7 March 1844 (1) (Thursday Morning). At Temple. 
Joseph Smith Diary, by Willard Richards
9 A. M. I Joseph presented to the meeting the proceedings of O. F. Bostwick  & the Lawyers &c—for the people to speak out, say whether such men should be tolerated and supported in our midst.—and from this time 1 design to bring such characters before the committee of the whole.—and if these things cannot be put a stop to. I will give them in to the hands of the mob.—the hands of the officers of the city falter, and are palsied by the conduct of such men.
There is another I will speak about he is a mormon.—a certain man who lived here before we come here. the two first letters of his name are Hiram Kimball—when the city had passed an ordinance to tax steam boats. He goes and tells the captains of the steam boats that he owned the landing. and they need not to pay tax—and I am determined to use up such men if they will not stop their efforts. If this is not true. Let him come forward & throw of[f] the imputation.—when
they people appeal to carthage I will appeal to this people—the highest court—I despise the Lawyers who lag on their law suits. Kimball & Morrison  say they own the wharfs. but the city own the wharf.—64 ft. from high water mark from printing office to the northern limits of the city.—
annother thing. I want to speak about. the Lawyers of this city. I have good feelings & and I will reprove them—and the prophets always did say wo unto you ye Lawyers.—the Maratime laws of the U. S. have ceded up the tolls wharfage &c to the respective corporations who have jurisdiction. &c.
Shallow drafts intoxicate the brain &c.
Look at the reason.—no vessel could land any where if Subject to individuals laws.—Corporation owns the streets of the city, and have a right to tax the Boats to make wharfs. the same as to tax citizens to make roads—want every man in this city to stay at home & let the Boat Captains. peace officers and every body alone.—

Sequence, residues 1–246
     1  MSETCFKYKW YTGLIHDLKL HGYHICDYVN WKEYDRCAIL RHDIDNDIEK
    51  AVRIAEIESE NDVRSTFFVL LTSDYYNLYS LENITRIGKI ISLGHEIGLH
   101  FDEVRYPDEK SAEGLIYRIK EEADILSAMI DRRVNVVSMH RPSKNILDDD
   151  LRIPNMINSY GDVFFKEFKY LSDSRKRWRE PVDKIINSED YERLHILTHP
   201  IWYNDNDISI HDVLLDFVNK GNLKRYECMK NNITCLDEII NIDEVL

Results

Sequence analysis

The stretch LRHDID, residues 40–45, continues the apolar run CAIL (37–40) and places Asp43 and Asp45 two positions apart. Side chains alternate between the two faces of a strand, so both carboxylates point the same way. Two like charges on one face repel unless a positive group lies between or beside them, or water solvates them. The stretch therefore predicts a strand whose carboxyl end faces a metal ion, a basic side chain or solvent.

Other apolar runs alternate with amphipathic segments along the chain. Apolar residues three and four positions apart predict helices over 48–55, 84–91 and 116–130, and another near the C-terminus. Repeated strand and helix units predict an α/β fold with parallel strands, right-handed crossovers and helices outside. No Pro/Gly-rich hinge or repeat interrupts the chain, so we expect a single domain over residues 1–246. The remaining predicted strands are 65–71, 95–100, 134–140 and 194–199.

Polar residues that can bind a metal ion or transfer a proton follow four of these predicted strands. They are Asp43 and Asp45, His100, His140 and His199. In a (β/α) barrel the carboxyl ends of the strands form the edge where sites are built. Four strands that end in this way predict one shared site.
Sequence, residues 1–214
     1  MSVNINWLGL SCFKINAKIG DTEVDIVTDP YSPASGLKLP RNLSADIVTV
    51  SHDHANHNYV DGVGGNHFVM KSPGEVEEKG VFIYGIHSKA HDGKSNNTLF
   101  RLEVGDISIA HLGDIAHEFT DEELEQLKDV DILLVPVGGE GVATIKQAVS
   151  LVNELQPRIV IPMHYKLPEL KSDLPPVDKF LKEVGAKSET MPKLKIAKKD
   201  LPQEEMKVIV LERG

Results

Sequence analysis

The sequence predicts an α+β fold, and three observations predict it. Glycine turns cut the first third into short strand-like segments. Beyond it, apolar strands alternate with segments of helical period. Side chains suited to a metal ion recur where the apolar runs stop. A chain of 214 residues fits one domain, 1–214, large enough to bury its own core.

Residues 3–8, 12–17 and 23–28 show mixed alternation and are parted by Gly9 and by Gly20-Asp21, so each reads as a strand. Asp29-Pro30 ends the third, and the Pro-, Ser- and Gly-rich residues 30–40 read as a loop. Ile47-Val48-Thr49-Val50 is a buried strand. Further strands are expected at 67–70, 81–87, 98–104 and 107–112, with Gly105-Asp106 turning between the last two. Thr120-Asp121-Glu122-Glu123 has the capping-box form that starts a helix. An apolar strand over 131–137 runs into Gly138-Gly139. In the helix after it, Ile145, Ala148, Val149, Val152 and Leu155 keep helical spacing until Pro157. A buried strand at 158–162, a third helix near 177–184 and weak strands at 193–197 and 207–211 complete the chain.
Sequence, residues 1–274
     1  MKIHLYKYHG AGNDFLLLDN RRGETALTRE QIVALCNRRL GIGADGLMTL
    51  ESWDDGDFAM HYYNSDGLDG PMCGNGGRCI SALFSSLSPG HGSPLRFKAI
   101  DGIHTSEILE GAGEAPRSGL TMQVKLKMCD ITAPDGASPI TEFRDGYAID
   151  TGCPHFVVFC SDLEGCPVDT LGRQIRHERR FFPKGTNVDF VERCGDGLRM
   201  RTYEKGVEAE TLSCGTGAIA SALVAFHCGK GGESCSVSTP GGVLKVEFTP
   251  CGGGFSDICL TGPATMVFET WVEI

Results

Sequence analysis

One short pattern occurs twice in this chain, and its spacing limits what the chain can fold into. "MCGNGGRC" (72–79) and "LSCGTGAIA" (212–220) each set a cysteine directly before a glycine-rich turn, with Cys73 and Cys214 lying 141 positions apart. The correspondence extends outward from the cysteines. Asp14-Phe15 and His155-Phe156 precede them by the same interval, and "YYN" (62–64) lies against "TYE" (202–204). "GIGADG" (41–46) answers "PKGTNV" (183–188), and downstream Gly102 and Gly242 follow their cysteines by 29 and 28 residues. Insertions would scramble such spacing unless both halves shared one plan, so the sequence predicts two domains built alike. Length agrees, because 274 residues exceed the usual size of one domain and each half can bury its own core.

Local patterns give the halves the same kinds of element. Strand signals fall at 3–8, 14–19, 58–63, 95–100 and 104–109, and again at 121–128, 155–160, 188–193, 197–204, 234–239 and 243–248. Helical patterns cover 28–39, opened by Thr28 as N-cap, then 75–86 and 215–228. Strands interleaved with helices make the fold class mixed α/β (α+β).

How are we to keep peace in this city. & defend our selves against mobs—disgrace every man by preaching—him on the house top, who will, who not be still, and mind their own business.—Let them alone to use themselves up.—
A couple of merchants in this city. I was
visi told by an old gentleman this morning who told me that the spirit of Mobocracy was almost subsiding.—These mobocrats have as the people abroad say.—told the people that they need not bring butter eggs &c—to Nauvoo will not tell their names. if they will not let the people bring in their produce.—the people will not buy their goods
another Man. will not call his name. has been writing to the New York Tribune  some of the
greatest most disgraceful things possible to name.—he has stated in that article that there are a great many appropriations to the temple—applied some where else &c.—to stigmatize the Trustee  & turn prejudice against us abroad.—if any man who has appointed any thing.—old harness horses waggon &c let him come forward the first farthing and we cannot show where it has been appropriated. I will give him my head for a foot ball.—
he also states that the Temple cannot be build it costs so much. who dont know that we can put the roof on this building this season? by turning all the means of the N. House & doubling our diligence we can do it.